Born in the mid-eighties, and spending my formative years in the nineties, I feel at no disadvantage in the digital realm.
I’ve seen the web grow from a desolate grey-scale plane, accented only by the contrasting splash of blue hyperlinks, to the multi-faceted web we see today – a socially connected, design-centric array of ideas pushing humanity ahead in unexpected and ever-evolving ways.
It’s a thrill to see this bustling canvas’ exponential growth.
But where did it all begin?
For me, as a designer & developer, the metaphorical building blocks that shaped my education began, quite literally, with building blocks.
It’s been said that creativity, despite its uninhibited expression of thoughts and ideas, thrives on the boundaries imposed by constraints.
The web provides constraint, whether it be physical or digital. It’s these constraints that help us focus on what’s important. But it’s important not to mistake working within constraints with the need to make sacrifices.
Playing blissfully with Lego as a child, the constraints were strictly imposed by the physical bounds of the blocks and accessories. It was thrilling to be presented with a defined set of properties but infinite set of possibilities.
The strategies learned through the simple process of joining blocks to make structure strengthened my planning and problem solving skills, it taught me to innovate while exercising an unencumbered imagination.
There was no right or wrong. Failure was seen as a stepping stone to a solution, not frowned upon.
Skills imperative for the world we live in today.
Always create & innovate
It’s fascinating that a toy so irreplaceable in my childhood could be so instrumental in my professional life.
It’s brought into focus the importance of play as a child.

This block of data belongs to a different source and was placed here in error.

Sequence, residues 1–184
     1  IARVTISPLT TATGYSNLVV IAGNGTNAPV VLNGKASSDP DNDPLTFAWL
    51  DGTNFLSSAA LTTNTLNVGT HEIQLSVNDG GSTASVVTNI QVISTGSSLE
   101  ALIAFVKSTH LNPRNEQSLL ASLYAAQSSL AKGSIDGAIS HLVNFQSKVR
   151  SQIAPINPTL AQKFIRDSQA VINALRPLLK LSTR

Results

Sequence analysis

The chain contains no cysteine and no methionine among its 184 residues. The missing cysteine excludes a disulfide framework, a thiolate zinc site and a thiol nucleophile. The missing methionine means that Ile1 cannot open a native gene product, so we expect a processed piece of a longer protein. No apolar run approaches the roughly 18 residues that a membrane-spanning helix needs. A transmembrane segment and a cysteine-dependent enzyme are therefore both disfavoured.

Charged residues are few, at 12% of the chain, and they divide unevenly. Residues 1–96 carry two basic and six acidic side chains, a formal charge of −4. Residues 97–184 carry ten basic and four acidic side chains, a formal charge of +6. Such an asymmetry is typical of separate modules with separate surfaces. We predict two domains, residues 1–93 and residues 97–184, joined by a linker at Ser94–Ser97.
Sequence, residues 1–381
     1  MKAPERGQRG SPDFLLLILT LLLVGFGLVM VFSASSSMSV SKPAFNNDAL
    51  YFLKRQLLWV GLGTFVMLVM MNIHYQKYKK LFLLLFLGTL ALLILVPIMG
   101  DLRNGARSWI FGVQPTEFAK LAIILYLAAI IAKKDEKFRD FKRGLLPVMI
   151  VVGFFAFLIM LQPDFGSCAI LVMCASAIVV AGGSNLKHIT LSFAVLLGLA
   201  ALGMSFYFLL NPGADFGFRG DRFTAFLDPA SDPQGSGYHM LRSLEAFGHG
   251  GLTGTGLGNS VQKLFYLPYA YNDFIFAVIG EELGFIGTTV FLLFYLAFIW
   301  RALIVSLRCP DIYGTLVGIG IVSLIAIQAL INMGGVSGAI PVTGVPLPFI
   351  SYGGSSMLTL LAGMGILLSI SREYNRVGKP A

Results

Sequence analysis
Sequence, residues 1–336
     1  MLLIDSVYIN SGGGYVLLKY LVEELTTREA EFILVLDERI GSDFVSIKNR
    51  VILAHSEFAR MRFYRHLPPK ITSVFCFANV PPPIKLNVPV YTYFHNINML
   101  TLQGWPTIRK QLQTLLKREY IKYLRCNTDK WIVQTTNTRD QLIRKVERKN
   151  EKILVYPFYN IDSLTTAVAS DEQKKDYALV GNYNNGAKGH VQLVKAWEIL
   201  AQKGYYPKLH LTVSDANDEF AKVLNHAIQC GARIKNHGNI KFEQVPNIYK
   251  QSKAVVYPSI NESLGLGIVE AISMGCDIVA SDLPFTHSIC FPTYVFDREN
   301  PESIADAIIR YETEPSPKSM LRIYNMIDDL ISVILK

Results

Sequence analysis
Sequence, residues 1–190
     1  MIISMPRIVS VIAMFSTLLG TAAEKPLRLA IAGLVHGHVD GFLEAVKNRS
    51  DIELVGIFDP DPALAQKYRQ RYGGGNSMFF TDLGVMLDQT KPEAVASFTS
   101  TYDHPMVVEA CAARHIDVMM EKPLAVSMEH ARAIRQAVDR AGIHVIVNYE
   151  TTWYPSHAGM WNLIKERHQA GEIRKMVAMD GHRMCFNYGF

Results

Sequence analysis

How important it is to conceive an idea in your mind and execute it in reality. Whether that be through an imaginary game, a drawing or a Lego construction, it all involves the processes of design and innovation. The identification of a problem, task or goal and the steps taken to create a successful solution.
As inspirational thinker Seth Godin questions, “why do we not teach our children to go do something interesting… are we teaching our children to collect dots or connect dots?”
It’s important to think about this. In all aspects of life we’re taught and conditioned to be normal. To follow the path through school, into tertiary education then into the work force. Your success is quantified by your results, your grades, your reviews. Failure is unacceptable.
We need to embrace the fact that in the ever-changing world we live in, the old paradigm of how to succeed is less relevant than ever.
Anyone can make a difference. Anyone can solve problems. Anyone can change the world. We’ve just been taught not to.
As a child building Lego I dreamt of the possibilities. It’s time to remember that feeling.
Anything is possible. So dream big.
~ Words by Scott Tonges